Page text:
I trashed my 10 speed after three dirt rides.  Trashed.  As in completely falling apart.  And just as quickly, I bought my first real mountain bike – an old trek hardtail – for $400 on ebay.  I couldn’t believe that I had just spent that much money on a bike – how could I justify the cost?  But how could I not?  This 35 lb red and black beauty – tricked out with a rear rack, panniers, and kick stand – was worth every penny.  I just wouldn’t tell anyone how much I had spent, because it did seem a bit excessive.

I was ready to be a mountain biker and started begging people to take me biking – to show me the trails.  And finding a few bikers who didn’t mind having a newbie along, and with less than 10 rides under my belt, I found myself at Solitude being knocked around from rock to rock.

My mind: blown.

I did not know it could be like this – this rattle of chains and gears over this tumble of roots and rocks.  And I was actually doing it – getting the hang of it – laughing maniacally as I threw myself around this mountain –  a radical reduction of the world to trail, bike and body.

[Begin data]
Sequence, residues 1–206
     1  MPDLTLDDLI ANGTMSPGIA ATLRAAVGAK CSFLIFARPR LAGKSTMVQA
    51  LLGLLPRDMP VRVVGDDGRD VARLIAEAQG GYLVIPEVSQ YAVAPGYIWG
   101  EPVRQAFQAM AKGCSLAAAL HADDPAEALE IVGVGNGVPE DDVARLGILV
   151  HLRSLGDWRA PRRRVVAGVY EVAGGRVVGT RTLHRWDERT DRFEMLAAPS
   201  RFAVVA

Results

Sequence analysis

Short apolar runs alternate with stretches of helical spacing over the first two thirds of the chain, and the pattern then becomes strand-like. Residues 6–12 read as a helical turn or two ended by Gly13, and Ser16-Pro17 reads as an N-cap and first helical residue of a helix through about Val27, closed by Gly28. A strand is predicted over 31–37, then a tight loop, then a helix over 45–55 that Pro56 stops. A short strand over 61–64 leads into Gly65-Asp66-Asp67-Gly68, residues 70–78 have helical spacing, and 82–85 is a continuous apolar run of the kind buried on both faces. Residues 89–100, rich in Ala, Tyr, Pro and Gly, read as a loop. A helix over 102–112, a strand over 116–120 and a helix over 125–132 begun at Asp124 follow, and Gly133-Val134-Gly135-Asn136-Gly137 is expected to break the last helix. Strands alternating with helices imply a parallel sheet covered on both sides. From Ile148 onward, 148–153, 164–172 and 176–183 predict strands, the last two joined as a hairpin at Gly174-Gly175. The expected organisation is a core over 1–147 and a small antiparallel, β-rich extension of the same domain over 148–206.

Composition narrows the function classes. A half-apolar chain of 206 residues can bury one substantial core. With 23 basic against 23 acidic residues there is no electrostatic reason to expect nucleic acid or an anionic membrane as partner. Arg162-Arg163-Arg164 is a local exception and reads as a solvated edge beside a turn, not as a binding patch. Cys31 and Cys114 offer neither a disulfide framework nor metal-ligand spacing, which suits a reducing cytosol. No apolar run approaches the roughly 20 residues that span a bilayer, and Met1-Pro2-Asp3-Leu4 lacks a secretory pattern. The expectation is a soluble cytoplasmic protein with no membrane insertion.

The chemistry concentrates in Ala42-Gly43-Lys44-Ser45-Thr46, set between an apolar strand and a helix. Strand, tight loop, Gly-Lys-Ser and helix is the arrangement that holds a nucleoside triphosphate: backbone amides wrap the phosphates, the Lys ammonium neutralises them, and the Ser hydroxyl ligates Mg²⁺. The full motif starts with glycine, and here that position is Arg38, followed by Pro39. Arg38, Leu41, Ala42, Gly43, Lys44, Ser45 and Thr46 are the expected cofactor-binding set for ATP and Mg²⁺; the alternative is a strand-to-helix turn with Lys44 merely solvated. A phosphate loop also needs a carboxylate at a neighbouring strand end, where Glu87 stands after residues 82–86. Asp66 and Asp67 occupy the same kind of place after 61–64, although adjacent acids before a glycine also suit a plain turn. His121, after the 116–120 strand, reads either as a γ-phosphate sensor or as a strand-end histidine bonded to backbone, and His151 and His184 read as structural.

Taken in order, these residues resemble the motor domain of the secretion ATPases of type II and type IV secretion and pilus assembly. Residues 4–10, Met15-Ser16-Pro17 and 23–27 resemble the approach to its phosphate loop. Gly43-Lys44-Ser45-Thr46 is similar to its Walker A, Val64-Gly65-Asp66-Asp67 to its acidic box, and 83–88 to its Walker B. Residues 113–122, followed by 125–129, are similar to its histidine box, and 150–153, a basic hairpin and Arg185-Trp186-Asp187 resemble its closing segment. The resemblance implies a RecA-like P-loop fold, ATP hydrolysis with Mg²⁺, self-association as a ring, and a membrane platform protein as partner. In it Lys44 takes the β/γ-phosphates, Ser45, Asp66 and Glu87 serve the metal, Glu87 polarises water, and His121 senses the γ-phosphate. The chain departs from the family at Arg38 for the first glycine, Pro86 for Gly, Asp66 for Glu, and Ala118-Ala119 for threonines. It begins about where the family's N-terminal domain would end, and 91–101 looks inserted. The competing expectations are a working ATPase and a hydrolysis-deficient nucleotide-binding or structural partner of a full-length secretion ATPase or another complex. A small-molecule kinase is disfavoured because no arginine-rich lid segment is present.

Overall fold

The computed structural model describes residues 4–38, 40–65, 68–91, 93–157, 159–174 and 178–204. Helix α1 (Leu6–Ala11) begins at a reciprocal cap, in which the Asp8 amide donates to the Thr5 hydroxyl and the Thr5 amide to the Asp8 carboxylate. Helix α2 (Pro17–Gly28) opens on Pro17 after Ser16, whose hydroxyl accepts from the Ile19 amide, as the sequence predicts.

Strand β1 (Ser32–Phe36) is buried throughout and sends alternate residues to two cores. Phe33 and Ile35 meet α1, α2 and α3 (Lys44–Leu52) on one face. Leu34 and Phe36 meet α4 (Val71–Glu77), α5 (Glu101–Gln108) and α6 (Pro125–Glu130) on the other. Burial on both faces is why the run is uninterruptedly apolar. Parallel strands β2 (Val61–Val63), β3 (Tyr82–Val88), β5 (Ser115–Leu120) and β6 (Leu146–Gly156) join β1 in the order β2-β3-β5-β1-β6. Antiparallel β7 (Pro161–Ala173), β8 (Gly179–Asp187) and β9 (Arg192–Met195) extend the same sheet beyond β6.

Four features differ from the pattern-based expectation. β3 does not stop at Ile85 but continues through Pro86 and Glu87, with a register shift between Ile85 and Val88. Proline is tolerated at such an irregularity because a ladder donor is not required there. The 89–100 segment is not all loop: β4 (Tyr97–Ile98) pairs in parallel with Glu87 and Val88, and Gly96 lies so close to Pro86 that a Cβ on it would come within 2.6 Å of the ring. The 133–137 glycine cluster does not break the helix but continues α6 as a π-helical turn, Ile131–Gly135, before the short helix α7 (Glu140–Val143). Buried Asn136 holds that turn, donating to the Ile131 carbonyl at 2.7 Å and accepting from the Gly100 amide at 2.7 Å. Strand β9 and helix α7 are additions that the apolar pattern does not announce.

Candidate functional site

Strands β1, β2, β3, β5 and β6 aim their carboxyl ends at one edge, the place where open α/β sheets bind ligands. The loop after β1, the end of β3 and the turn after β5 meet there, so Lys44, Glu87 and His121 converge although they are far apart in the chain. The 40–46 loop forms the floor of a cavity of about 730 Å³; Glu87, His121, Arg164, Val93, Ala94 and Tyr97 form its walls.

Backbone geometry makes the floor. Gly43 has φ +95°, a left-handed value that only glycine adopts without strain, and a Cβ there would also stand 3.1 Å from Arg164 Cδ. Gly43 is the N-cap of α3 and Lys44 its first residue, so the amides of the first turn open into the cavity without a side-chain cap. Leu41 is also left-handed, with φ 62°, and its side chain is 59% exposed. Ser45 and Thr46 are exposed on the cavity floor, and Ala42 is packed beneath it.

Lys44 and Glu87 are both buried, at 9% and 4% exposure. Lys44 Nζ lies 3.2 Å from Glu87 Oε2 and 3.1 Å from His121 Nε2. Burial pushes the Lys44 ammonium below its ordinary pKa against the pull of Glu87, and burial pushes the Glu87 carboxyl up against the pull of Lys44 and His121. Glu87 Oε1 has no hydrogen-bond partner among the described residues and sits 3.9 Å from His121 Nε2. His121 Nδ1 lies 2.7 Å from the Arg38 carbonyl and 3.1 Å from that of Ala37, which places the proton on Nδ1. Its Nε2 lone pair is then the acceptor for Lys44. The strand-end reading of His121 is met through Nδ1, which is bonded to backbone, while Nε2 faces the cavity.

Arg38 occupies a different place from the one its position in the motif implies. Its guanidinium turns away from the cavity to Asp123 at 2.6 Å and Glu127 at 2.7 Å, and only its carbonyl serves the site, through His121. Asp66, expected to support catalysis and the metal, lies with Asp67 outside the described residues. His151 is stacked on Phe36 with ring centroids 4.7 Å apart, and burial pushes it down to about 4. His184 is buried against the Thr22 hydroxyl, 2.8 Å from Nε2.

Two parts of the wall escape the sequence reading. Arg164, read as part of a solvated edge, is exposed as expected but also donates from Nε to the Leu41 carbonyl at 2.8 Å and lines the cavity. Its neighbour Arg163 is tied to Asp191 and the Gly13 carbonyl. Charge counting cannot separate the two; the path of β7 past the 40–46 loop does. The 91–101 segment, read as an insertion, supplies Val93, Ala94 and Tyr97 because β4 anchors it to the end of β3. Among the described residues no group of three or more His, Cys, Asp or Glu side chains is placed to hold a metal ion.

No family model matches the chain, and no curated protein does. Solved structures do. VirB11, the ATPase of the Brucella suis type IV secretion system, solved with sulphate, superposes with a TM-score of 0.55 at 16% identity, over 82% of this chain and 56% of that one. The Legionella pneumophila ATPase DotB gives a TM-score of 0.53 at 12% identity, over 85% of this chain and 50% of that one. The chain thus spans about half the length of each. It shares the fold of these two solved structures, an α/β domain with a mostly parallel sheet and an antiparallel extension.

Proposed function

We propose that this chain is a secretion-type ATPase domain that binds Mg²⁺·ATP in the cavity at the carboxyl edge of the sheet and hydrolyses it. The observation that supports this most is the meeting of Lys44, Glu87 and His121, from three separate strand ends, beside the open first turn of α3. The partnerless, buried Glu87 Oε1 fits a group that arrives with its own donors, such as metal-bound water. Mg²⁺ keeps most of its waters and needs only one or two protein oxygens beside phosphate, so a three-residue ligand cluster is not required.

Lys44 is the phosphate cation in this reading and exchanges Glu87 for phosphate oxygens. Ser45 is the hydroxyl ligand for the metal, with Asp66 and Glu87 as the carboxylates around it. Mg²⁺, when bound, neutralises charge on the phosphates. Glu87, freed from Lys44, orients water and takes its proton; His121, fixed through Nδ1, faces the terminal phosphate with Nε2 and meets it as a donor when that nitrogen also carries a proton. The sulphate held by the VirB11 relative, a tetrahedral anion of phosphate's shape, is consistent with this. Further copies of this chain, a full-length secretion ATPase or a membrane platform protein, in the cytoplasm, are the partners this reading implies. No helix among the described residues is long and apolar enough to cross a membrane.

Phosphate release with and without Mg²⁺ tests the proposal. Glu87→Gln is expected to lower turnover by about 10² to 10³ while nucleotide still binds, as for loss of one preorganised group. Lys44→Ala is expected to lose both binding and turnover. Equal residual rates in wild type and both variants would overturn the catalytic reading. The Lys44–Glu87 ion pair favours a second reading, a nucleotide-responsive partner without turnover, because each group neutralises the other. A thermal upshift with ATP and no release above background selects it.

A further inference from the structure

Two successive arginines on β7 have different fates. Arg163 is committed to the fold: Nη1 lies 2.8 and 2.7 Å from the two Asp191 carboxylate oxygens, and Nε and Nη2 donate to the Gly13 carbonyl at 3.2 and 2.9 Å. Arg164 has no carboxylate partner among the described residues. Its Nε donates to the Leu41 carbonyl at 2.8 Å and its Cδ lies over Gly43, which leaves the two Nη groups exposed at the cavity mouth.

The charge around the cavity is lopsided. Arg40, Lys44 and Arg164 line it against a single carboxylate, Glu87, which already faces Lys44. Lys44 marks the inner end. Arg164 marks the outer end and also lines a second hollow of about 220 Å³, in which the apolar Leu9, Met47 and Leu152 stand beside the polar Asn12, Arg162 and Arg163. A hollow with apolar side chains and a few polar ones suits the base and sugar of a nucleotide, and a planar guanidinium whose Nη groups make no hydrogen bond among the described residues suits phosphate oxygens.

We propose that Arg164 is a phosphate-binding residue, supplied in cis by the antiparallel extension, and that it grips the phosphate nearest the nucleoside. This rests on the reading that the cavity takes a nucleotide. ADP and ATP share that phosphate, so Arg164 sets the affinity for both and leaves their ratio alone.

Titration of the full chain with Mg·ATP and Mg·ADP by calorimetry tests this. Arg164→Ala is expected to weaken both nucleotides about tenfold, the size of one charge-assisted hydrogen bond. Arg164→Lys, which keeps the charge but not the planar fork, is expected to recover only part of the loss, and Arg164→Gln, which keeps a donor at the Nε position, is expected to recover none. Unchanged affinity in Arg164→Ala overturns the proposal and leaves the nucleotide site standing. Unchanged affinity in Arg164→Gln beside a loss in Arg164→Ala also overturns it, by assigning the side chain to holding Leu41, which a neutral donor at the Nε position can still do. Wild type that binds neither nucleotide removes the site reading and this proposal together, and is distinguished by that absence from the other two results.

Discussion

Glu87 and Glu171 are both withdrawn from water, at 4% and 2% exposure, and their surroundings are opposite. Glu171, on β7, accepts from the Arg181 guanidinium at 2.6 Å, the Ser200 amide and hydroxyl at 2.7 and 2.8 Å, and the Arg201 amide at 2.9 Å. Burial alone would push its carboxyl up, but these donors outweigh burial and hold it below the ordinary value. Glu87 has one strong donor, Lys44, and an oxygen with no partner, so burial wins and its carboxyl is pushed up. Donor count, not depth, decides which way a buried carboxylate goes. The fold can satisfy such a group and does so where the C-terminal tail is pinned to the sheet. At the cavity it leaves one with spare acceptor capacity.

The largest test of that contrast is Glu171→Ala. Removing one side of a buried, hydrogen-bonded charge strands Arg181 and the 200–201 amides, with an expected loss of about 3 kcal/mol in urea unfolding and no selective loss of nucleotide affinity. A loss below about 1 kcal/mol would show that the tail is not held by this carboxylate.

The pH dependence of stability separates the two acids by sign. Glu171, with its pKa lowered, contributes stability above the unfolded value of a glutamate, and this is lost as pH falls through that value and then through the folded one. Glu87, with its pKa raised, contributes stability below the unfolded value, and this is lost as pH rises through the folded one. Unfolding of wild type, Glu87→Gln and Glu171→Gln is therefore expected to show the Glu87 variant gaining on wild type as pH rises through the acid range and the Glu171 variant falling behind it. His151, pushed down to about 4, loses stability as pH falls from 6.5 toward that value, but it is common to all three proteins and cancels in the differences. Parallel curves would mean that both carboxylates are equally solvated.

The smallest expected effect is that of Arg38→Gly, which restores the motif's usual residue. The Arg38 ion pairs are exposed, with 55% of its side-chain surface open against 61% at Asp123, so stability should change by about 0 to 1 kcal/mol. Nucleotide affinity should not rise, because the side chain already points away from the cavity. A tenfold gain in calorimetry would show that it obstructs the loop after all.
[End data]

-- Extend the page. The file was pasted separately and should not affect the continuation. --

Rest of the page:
I am a mountain biker!!!

At the end of the ride, the boys were playing around in the parking lot.  Doing wheelies, bunny hopping obstacles, climbing concrete steps.

And now that I was a mountain biker, I was sure that I could do this too.  Hadn’t I just successfully navigated one of the most technical trails in the history of the world?

A strange thing, mountain biking.  Amazing how it completely short-circuits your common sense.

I pedaled my bike towards a parking curb, because THAT’S HOW WE ROLL AT SOLITUDE, BABY!